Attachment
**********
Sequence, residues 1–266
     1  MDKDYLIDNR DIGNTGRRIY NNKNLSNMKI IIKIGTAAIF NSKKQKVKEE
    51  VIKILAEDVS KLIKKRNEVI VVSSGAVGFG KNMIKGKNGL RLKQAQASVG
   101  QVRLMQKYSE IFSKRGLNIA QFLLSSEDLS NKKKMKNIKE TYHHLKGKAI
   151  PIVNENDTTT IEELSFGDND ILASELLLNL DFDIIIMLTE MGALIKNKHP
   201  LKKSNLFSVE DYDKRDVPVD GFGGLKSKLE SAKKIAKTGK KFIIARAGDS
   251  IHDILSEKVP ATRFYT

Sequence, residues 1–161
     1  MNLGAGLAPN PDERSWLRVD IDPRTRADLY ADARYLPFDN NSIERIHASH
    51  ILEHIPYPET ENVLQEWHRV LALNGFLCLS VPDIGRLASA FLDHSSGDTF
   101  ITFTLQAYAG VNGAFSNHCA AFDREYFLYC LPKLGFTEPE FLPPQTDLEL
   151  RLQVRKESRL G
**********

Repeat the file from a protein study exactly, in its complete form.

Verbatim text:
Sequence, residues 1–266
     1  MDKDYLIDNR DIGNTGRRIY NNKNLSNMKI IIKIGTAAIF NSKKQKVKEE
    51  VIKILAEDVS KLIKKRNEVI VVSSGAVGFG KNMIKGKNGL RLKQAQASVG
   101  QVRLMQKYSE IFSKRGLNIA QFLLSSEDLS NKKKMKNIKE TYHHLKGKAI
   151  PIVNENDTTT IEELSFGDND ILASELLLNL DFDIIIMLTE MGALIKNKHP
   201  LKKSNLFSVE DYDKRDVPVD GFGGLKSKLE SAKKIAKTGK KFIIARAGDS
   251  IHDILSEKVP ATRFYT

Sequence, residues 1–161
     1  MNLGAGLAPN PDERSWLRVD IDPRTRADLY ADARYLPFDN NSIERIHASH
    51  ILEHIPYPET ENVLQEWHRV LALNGFLCLS VPDIGRLASA FLDHSSGDTF
   101  ITFTLQAYAG VNGAFSNHCA AFDREYFLYC LPKLGFTEPE FLPPQTDLEL
   151  RLQVRKESRL G